Have berries had their run? Are apples still gaining steam? Local, organic, sustainable...
What is the next big thing? That's what I recently asked the 1,900 plus members of the Fresh Produce Discussion Group. The answers are just beginning to come in and reflecting the reality that there is no one right answer for all consumers.
Here was the question I posed:
Buy or sell? What is one fresh produce commodity are you most bullish on for the next five years? On the hand, what fresh produce item may show the most lackluster results? And, of course, why...
Here are some perspectives from the group. One European member writes:
From an European perspective organic and also with origin will still grow steady and compared to US the growing area is limited to Spain, Italy, Morocco and some few others during wintertime.
Finding a new really blockbuster is really hard. Fruit, berries are increasing but growing places are not, with higher oil prices pricing will be higher. Northern Europe will se more varieties of tomato. Regular salads, standard products with no value added like good taste, growing conditions will still be the largest volumes BUT heading for lower prices. The market is even more clearly dividing to two markets, consumer awareness and deep interest of conditions in all aspects and not. People with money want more original products in general and the rest and majority are mostly looking to price.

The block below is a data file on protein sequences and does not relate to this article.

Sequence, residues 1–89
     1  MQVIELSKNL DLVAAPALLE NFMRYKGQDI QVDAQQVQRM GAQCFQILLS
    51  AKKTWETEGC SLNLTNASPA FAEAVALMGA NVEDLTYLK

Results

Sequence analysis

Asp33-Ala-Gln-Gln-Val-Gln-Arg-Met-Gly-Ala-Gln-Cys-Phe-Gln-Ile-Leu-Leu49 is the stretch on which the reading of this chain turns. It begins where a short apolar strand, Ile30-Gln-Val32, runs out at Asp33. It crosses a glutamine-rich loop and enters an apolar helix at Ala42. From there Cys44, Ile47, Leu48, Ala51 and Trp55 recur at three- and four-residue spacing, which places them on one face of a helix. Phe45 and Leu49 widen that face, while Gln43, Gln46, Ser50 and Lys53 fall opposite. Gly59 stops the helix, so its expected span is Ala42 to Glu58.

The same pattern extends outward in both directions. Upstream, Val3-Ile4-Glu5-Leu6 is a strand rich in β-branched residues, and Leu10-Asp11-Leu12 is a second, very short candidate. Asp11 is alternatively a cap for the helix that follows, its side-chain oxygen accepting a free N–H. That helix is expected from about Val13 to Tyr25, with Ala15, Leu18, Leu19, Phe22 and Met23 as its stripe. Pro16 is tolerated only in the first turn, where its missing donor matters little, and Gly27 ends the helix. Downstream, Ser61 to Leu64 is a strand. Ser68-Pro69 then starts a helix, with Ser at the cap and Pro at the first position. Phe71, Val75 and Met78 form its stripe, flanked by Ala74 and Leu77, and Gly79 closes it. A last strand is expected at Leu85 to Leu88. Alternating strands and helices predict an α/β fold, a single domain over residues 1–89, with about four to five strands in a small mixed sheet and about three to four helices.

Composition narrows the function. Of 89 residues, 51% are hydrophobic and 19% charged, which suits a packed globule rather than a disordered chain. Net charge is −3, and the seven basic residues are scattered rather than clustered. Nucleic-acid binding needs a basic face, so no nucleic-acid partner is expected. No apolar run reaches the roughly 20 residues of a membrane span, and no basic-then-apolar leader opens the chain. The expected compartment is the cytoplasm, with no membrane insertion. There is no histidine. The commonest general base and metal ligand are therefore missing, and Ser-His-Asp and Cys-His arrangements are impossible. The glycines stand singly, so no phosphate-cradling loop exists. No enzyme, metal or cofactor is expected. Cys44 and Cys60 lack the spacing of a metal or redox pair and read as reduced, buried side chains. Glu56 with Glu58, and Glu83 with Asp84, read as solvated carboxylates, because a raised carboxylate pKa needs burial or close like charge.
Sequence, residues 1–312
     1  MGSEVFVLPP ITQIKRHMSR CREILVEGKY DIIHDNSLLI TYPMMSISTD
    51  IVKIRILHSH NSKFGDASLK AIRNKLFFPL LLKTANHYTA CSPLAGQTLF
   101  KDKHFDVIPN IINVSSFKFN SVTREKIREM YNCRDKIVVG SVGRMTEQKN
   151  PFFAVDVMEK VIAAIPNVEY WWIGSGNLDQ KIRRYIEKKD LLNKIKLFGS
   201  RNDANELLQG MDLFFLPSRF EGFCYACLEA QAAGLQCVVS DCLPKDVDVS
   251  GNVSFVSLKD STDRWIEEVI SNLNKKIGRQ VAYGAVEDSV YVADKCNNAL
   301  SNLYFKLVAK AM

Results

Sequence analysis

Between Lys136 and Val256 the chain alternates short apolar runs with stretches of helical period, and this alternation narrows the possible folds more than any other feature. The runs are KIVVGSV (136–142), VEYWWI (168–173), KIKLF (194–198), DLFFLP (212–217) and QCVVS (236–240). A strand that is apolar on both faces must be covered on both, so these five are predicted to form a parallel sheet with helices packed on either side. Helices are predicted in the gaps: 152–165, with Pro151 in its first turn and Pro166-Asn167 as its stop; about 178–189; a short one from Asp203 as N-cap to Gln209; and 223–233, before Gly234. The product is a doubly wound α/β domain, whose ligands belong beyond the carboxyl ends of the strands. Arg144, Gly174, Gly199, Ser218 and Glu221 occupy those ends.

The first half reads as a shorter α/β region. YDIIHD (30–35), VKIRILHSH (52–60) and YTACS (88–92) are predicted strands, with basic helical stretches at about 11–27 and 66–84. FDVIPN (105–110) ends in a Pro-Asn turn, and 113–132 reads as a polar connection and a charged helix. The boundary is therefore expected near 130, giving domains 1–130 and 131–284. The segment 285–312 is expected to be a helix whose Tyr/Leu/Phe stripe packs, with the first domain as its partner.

One member from Italy writes:
In Italy kiwifruits will be the winning card also during the next 5 years. On big headache is in everybody's mind at the moment: the killer bacteria (officially called PSA, Pseudomonas Syringae pv. Actinidiae) which has started to spread out 2 years ago and this coming autumn could reduce the Italian crop by an estimated 30 %. The reasons for optimism from the commercial side are the utmost specialisation reached in Italy (main grower in the Northern hemisphere), the good quality, the perfect technics for long preservation in coldstores and during in transit time for overseas, high professionality on the growing and the technical side, still much to do on the marketing side. Steady demand from many markets in Europe and overseas
Greens - Kale, Lacinato, Collards, Chards... especially organically grown will continue to see increased demand as consumer tastes and health awareness evolve. Greens will move beyond the Southern-style preparations and become even more of a mainstay of heath food and foodie shoppers. Value-added packaging for pre-cut greens and salads will help Greens go more mainstream.
TK: I would like to hear more responses from the group and readers of The Packer. Take time to give your speculations on the next boom or bust produce commodity.